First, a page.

Glyphosate is a widely used herbicide and the active ingredient in popular weed killers like Roundup. It was first introduced in the 1970s and has since become one of the most extensively used herbicides globally. The reason this is important is because glyphosate is found in a number of commonly eaten foods, including healthy options, such as vegetables, fruits, whole grains, and more.
Glyphosate has been implicated as a possible endocrine-disrupting chemical (EDC), capable of interfering with hormone function. EDCs can mimic, block, or disrupt the action of natural hormones. EDCs can have broad-ranging effects on reproductive health, growth and development, metabolism, immunity, and neurological function.
Glyphosate and Pregnancy
In animal studies glyphosate exposure during pregnancy caused abnormalities not only in immediate offspring but also in the following generation. Higher blood levels of glyphosate have been tied to lower birthweights and shorter pregnancies.
Glyphosate may also affect male fertility. Studies have shown that male rats given glyphosate experienced adverse reproductive effects, such as reduced sperm counts and reduced testosterone levels.
Glyphosate and Development
Delayed puberty, infertility problems, and decreased sex hormones are all observed consequences of glyphosate exposure. In animals, glyphosate has been shown to alter the development of the ovaries and uterus. Polycystic ovary syndrome (PCOS) is another glyphosate concern. Glyphosate is thought to bind to estrogen receptors in females and also disrupt pathways that create male sex hormones.
Glyphosate and Immune Function
Glyphosate exposure can affect the immune system by disrupting its natural functions. These include the ability of immune cells to fight off infections. Animal studies have linked glyphosate exposure to fewer immune cells and increased infections.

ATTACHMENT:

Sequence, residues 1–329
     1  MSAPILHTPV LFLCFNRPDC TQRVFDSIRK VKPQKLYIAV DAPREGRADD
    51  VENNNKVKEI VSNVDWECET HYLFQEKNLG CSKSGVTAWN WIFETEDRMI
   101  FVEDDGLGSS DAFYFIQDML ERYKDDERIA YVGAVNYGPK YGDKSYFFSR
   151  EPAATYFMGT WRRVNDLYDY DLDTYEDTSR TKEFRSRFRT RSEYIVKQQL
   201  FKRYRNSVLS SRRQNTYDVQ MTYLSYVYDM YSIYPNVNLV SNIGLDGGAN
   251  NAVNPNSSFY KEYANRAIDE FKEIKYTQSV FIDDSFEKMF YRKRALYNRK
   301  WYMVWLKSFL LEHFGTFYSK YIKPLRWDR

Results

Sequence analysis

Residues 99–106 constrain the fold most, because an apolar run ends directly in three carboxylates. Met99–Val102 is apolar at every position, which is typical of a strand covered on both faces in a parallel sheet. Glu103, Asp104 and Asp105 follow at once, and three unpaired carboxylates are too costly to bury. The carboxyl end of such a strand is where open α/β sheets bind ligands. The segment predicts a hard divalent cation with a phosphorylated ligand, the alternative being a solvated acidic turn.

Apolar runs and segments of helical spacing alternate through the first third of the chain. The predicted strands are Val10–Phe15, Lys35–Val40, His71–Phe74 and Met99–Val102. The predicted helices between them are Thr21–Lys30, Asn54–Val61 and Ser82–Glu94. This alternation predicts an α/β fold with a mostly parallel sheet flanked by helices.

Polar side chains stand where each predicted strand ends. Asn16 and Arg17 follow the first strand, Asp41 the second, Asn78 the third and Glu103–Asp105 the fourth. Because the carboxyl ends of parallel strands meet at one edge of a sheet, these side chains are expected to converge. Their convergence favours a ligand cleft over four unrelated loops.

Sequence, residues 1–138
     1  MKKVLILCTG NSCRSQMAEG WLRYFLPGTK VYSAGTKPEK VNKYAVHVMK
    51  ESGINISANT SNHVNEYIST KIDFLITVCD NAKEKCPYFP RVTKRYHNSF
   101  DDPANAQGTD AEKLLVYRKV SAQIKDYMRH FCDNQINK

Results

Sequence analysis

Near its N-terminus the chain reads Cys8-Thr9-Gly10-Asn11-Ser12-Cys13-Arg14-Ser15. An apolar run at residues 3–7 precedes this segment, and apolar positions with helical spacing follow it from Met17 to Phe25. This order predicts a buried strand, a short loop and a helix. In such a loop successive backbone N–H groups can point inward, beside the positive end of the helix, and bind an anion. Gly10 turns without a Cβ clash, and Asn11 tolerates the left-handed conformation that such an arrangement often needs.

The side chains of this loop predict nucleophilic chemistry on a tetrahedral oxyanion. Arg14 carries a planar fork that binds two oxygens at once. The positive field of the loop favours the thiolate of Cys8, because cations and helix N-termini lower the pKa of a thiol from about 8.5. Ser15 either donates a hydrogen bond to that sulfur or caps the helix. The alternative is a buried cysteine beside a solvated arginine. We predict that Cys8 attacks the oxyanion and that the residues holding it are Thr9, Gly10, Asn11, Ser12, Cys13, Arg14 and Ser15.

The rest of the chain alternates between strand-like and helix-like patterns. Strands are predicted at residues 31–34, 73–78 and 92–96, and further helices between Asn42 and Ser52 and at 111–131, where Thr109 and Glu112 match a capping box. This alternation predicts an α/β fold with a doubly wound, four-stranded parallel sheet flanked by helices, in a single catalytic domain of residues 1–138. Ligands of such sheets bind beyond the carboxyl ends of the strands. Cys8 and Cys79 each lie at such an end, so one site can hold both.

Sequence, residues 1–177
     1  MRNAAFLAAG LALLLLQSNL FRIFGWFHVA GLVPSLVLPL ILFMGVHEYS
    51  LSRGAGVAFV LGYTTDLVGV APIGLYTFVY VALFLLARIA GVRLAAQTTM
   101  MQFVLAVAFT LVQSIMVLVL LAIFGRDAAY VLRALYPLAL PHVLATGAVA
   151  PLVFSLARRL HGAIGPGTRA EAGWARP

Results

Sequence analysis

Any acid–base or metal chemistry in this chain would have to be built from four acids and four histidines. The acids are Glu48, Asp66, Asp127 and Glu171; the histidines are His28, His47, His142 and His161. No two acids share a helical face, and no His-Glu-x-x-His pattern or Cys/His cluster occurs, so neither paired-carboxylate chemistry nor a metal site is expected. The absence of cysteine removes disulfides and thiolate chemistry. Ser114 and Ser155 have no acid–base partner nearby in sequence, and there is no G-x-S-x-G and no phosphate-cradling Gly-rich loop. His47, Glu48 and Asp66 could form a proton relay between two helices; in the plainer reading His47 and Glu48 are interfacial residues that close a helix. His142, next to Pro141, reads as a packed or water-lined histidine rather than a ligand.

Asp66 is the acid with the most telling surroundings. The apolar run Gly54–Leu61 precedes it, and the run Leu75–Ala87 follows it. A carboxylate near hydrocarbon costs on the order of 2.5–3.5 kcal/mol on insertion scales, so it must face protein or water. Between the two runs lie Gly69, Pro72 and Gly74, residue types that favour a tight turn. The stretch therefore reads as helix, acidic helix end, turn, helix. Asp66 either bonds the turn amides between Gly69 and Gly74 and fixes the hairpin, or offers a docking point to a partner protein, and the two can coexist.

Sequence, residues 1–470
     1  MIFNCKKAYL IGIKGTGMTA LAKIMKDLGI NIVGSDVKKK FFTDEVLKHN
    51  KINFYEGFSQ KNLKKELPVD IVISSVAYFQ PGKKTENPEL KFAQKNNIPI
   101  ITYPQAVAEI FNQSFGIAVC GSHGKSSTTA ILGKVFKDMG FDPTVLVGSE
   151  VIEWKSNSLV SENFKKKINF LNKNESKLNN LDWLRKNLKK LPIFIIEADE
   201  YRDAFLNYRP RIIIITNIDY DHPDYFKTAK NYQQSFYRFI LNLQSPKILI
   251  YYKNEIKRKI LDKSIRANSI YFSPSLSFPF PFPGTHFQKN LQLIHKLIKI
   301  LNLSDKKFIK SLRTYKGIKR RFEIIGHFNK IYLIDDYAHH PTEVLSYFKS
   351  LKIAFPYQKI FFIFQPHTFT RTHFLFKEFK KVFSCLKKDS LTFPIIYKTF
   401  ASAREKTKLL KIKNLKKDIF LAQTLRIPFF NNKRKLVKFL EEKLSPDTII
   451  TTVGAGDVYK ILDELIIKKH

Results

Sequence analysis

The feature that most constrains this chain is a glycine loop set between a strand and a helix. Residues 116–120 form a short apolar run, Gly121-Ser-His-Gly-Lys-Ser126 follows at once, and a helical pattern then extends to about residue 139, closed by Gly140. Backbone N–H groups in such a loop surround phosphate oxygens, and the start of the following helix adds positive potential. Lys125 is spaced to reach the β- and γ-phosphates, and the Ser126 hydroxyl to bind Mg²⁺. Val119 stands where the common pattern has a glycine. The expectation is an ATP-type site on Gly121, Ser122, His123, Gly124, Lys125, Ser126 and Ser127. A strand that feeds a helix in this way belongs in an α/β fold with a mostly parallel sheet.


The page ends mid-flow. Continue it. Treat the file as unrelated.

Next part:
Glyphosate and the Gut
Emerging research suggests that glyphosate may disrupt the digestive tract and the gut microbiome, the community of bacteria and microbes that live in the gut. The effects of glyphosate on intestinal health have also been observed in animal studies, including increased inflammation in the small intestine.
Glyphosate and Cancer
The relationship between glyphosate and cancer is a subject of ongoing research and debate. Currently the World Health Organization ranks glyphosate as “probably carcinogenic to humans.” One study in mice indicated an increased incidence of malignant lymphoma with a high dose of glyphosate. However, it is difficult to conclude that glyphosate poses a cancer risk due to the complex causes of lymphoma and the extremely high dose used in the study.
However, in a 2019 research review, scientists assessed the relationship between exposure to glyphosate-based herbicides and non-Hodgkin lymphoma (NHL). They found that individuals with the highest levels of exposure had a 41% increased risk of developing NHL. These findings support previous evidence from animal research, which shows a strong connection between glyphosate-based herbicide exposure and a higher NHL risk.
How to Avoid Glyphosate in Your Diet
As concerns about the potential health risks of glyphosate exposure grow, many consumers seek ways to avoid this herbicide. While it may be challenging to completely avoid glyphosate due to its widespread use, there are strategies to minimize its consumption.
Glyphosate levels in food vary from product to product and also country of origin. But studies have found that adopting an organic diet can lead to a significant decrease in glyphosate in the body, as much as 70% in five days.
The Environmental Working Group (EWG) released a list of the top 12 conventionally produced foods to avoid because of their likelihood of being contaminated with glyphosate and other chemicals. The EWG uses up-to-date data provided by the FDA. The DIRTY DOZEN™ foods to avoid for 2023, unless grown organically, were strawberries, spinach, greens (kale, collard, and mustard greens), peaches, pears, nectarines, apples, grapes, bell and hot peppers, blueberries, and green beans.
Additionally, the EWG creates a list of foods that consistently show low levels of glyphosate and other pesticides, regardless of whether they are organic or not. The CLEAN FIFTEEN™ for 2023 consists of avocado, sweet corn, pineapple, onions, papaya, frozen sweet peas, asparagus, honeydew melon, kiwi, cabbage, mushroom, mango, sweet potato, watermelon, and carrot.